He had been but twelve summers. Even then his terrible, unquenchable thirst for knowledge had been upon him. He had always been inseparable from his twin brother, Aidan, yet that day he had heard a far-off call. A summons he couldn't resist. He had been filled with the joy of discovery back then, and he had slipped away, following the lure of an unspoken promise. The network of caves he discovered was honeycombed deep within the mountain. Inside he met the most amazing wizard--personable, handsome, and willing to impart his vast knowledge to a young, eager apprentice. All he asked in return was secrecy. At the age of twelve, Julian had thought it all an exciting game.

Looking back, Julian questioned if he had wanted knowledge so much that he had deliberately ignored the warning signs. He had mastered many new powers, but there had come the day when the truth hit him in the face with all its stark ugliness. He had arrived early to the caves and hearing screams, rushed inside to discover that his young, handsome friend was the most loathsome of all creatures, a true monster, a cold-blooded killer--a Carpathian who had yielded his soul and turned vampire. At twelve Julian did not have sufficient powers and skills to save the hapless victims as the vampire drained their blood completely, seeking not just sustenance, as a Carpathian would, but the subject's death.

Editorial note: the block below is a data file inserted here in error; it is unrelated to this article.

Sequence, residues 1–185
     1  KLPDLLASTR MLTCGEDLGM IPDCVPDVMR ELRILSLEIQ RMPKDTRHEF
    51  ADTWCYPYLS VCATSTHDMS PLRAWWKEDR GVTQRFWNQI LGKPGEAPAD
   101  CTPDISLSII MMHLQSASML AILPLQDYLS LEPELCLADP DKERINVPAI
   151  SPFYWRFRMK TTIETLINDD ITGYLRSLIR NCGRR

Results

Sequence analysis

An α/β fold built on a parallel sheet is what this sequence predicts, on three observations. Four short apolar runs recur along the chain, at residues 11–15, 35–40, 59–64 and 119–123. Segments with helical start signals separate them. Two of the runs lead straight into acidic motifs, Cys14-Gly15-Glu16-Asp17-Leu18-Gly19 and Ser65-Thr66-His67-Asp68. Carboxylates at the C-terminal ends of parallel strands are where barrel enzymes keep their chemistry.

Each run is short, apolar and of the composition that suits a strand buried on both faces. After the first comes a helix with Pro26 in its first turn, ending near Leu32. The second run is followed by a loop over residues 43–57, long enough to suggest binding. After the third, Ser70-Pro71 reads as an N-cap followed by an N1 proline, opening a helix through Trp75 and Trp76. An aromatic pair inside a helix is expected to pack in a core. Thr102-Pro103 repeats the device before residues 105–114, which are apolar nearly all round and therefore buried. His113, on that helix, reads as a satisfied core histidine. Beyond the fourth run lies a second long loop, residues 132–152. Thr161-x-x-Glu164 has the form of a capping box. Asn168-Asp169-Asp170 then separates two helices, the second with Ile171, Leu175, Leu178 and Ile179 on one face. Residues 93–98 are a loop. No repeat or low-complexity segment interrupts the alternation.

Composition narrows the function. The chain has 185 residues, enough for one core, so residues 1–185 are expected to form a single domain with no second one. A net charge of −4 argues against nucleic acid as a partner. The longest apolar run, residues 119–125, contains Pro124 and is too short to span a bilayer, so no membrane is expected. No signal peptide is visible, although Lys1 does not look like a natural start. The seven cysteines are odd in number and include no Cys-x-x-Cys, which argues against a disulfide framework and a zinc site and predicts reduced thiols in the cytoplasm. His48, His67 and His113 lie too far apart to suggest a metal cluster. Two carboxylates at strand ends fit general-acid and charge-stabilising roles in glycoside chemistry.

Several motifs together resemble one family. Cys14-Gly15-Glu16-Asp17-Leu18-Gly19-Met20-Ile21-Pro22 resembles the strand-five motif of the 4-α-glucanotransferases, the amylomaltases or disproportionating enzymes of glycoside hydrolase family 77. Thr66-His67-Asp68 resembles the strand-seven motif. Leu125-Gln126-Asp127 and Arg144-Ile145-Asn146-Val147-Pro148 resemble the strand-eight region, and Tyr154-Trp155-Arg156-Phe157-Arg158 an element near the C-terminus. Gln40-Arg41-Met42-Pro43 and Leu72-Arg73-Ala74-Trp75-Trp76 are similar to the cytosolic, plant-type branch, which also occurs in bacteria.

That memory was etched in Julian's mind for all time. The streaming blood. The unearthly screams. The horror. Then came the moment when the vampire's hand gripped him, the once-admiring pupil, and dragged him close enough to smell his fetid breath, to hear his taunting laughter. Then the teeth--fangs now--were tearing into his body, painful and vulgar, But, worse, Julian wasn't allowed death, as the vampire had given his other victims. He remembered the way the undead creature had slashed his own wrist and forced it to Julian's mouth, had brutally forced him to accept that tainted blood, to exchange blood with the most unholy of creatures, bringing him into his power, beginning the process that could make Julian his slave, that connected them for all time.

The shame had not ended there. The vampire had immediately begun to use the boy even against his will, as his eyes and ears, to spy on those of his former race he now wished to destroy. He had the talent to eavesdrop through Julian on the Prince or the healer when the boy was near them. He had taunted Julian that he would use him to destroy his own brother Aidan. And Julian had known it was possible; he had felt the darkness spreading within him, at times had felt the vampire's eyes looking through his own. Several times Aidan had escaped by a mere hairsbreadth from traps Julian later recognized he had inadvertently set himself, under the vampire's insidious compulsion.